Astrocytic gap junctions contribute to potassium redistribution o | 49857

Journal of Neurology & Neurophysiology

ISSN - 2155-9562

Astrocytic gap junctions contribute to potassium redistribution over the neocortex

26th European Neurology Congress

August 06-08, 2018 | Madrid, Spain

Azin Ebrahim Amini

University of Toronto, Canada

Posters & Accepted Abstracts: J Neurol Neurophysiol

Abstract :

Extracellular potassium ion concentration ([K]e) is tightly regulated throughout the brain because it has a major impact on brain functionality. Potassium concentration is disrupted in many brain diseases such as stroke and epilepsy. My project is designed based on a well-developed experimental platform to investigate the effects of extracellular potassium redistribution in physiological states. All experiments were conducted in vivo in mouse neocortex. Two double-barreled K-sensitive electrodes coupled with local field potential (LFP) electrodes were placed 4 mm apart. 50 mM KCl solution was injected focally closer to one of the K-LFP electrodes. [K]e levels and LFP were measured in two different scenarios: 1) Pharmacological intervention (gap junction blockage); 2) Optical intervention (optogenetics). Focally increased [K]e was associated with a transient depolarization which in turn spreads into neighboring tissues so called spreading depolarization. Gap junctional blockade in the peri-injection site simultaneously increased the amplitude and duration of the local [K]e response, and the local field response was greatly prolonged. While in the remote injection site, [K]e response was decreased after gap junctional blockage application. Optical stimulation decreased the [K]e both in the peri-injection and remote site. Our preliminary results are evidence of slow K redistribution (take for minutes) throughout the astrocytic syncytium which is partly mediated via astrocytic gap junctions. Potassium redistribution across a large area of the cortex is not a well-studied area because most studies have limited their focus on focal potassium dynamics. In this project we are addressing this gap using novel tools to elucidate potassium redistribution dynamics.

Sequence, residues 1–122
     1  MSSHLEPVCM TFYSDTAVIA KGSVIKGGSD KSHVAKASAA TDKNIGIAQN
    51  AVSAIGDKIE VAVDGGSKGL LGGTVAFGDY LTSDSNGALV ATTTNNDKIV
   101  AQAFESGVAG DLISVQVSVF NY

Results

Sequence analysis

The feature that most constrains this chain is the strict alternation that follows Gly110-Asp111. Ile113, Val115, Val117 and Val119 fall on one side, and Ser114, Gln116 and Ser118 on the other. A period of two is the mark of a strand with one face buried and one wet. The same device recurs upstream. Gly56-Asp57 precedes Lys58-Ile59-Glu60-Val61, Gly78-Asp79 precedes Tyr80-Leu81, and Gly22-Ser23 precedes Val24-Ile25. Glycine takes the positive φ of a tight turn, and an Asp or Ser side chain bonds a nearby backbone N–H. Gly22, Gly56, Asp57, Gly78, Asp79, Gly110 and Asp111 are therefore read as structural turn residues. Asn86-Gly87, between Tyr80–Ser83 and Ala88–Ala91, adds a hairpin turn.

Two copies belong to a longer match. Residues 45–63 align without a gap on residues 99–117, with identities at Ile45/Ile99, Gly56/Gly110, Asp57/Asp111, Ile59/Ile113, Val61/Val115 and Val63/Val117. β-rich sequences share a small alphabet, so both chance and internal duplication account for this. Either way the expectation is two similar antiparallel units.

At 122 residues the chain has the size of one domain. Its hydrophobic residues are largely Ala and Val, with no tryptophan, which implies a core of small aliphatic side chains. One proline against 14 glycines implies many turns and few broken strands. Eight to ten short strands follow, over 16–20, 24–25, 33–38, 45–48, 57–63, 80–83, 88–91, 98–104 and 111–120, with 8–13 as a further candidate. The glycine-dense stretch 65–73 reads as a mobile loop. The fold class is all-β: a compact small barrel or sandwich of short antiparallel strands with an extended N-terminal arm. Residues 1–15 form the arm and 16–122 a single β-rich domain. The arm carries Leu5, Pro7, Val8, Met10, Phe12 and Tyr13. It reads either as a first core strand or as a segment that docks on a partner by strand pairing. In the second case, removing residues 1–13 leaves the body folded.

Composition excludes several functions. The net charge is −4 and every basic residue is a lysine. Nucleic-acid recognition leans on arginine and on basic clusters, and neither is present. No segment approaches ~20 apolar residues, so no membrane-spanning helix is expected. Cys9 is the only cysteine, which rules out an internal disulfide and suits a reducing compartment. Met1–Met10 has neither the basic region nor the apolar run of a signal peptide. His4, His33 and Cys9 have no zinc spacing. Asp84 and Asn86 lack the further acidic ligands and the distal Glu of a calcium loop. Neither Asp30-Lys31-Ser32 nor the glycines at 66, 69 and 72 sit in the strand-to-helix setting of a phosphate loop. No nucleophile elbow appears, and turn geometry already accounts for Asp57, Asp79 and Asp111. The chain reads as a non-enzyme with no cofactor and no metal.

Biography :

Azin Ebrahim Amini is a second year Master’s student at University of Toronto in the Department of Biomedical Engineering within Neuroscience platform. She has completed her Bachelor’s at University of Toronto where she double majored in Neuroscience and Physiology. She is interested in integrative sciences and that's why she continued her graduate studies in an engineering program after obtaining her Bachelor’s degree in Sciences. Her interest to multidisciplinary sciences motivated her to learn advanced programming software along with designing a new method for recording intracranial brain activities. Along with being active in academic world she also takes on community service responsibility and engages in leadership and mentorship programs.